2. Mitigation Fees
    - 2% of the project's appraised value and annual payments for police, fires services, & problem gambling. (Phase I fees for the City's General Fund are anticipated to be over $400,000) - The amount will increase over time - All monies are payable directly to the City - No monies are shared by Sacramento - The amount payable is higher than any other city business
  3. Law Enforcement
    - The City has authority to enforce State and local criminal laws on the Trust Lands - The Tribe will donate a police car and equipment for $80,000 - The Tribe and City law enforcement shall fully coordinate and cooperate
  4. Other Development Projects
    - The Tribe shall undertake no new developments that would be inconsistent with the moral climate of the community (no sexually explicit businesses) - If the Tribe undertakes a new business development project(s), it will notify the City at least three months prior to the commencement of construction of the new project. Tribe will negotiate in good faith with the City concerning an agreement for the protection of the Parties' interests and the well-being of the surrounding community
  5. Problem Gambling
    - Tribe will contribute financially to the area - The casino area will have mandated signage and brochures on the subject of problem gambling and addiction help - Staff will be trained to identify problem gamblers - Tribe will work with the Police Dept. to create a Gamblers Anonymous presence in the community
  6. Payment for Future Development
    - If a hotel is built, full Transient Occupancy Tax (TOT) will be payable - Additional development: the Tribe agrees to negotiate in good faith with the City to mitigate any negative impacts - Tribe will pay equivalent type existing fees to support community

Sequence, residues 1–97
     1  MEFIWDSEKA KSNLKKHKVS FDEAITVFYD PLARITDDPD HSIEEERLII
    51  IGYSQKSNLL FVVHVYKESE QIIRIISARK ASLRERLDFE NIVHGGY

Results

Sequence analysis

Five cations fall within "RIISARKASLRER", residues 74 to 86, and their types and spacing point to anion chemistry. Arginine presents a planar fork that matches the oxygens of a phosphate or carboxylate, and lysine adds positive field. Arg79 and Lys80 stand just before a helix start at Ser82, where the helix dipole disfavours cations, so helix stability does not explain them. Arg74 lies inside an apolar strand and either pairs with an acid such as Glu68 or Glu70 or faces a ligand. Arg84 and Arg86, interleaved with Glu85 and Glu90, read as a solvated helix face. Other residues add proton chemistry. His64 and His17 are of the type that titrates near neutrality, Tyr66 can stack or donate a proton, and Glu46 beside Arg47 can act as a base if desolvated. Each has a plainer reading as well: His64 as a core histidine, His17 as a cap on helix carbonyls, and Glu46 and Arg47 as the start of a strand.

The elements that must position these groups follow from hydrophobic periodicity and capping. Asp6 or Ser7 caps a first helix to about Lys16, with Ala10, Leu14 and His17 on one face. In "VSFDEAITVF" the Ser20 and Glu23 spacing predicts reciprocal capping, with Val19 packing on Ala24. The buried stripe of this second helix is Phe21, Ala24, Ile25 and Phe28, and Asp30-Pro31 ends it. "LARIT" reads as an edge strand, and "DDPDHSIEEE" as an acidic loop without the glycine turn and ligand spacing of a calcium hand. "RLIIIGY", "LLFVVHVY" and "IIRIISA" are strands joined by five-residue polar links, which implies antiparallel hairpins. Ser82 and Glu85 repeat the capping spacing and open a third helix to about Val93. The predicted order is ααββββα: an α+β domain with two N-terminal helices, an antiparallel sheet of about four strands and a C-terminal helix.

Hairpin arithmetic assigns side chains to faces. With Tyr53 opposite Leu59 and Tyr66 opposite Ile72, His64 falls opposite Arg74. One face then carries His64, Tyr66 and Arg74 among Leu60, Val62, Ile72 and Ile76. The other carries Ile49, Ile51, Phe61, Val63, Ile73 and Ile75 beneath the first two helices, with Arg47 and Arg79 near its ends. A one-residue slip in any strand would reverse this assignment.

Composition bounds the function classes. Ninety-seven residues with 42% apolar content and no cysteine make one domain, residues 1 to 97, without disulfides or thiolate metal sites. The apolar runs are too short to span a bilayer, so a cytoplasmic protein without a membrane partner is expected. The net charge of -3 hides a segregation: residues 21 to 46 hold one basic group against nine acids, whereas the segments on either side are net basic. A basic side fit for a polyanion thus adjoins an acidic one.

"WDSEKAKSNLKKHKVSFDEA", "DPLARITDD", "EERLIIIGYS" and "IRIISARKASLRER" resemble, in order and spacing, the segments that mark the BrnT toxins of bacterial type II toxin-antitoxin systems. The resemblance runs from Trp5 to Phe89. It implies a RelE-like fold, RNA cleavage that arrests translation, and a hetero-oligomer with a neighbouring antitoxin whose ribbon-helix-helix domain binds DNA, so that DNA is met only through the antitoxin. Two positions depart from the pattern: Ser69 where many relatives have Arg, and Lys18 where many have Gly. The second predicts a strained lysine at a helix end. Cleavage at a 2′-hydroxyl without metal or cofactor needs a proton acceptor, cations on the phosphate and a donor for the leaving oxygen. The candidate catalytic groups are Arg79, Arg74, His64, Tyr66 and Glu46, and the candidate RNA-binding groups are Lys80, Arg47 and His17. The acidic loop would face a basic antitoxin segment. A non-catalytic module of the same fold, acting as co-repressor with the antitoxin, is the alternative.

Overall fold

7. Allows Gambling Age in Casino
    - Tribe will restrict the age for gambling to 21 years of age (as requested by the City) - Drinking age limit is 21 years of age - Under 21 will be allowed in the food establishments
  8. Employment of City Residents
    - Tribe will work in good faith with the City to employ qualified residents - Projected 144 local hires following Phase I - Training will be provided to local hires

Public Safety

Tribal Statement

  "The Tribe and many other Tribes as well as corporate casinos throughout the United States have private security and surveillance to ensure the safety of their guests and to ensure that cheating and crime do not occur on their property and in their facility. Casinos are also one of the most highly regulated businesses in the United States, dictating the need for a professional security and surveillance team. Many surveillance cameras will cover the entire facility."

Included in Casino Plans

  • City has authority to enforce State & local criminal laws on theTrust Lands (casino & other developments)

  • Tribe & City law enforment shall fully coordinate & cooperate

  • To ensure the regulatory environment is complied with and to ensure the safety of our guests:

    • Facility has a Security team of 20 supervisors & officers

    • Facility also has a Surveillance team of 7 supervisors & officers

    • Team covers entire Facility on a 24 hour basis

Police Chief Statement

 After looking at several comparable communities with casinos, Chief Ron Strand has stated that the key to managing the impact to public safety is determined by the relationship between casino security and the police department.  When the relationship is defined correctly, the Chief says any public safety issues are manageable.
After the MSA
To add perspective, this chart depicts the entire scope of the Tribe's relationship to the governments of the City, State, and Nation.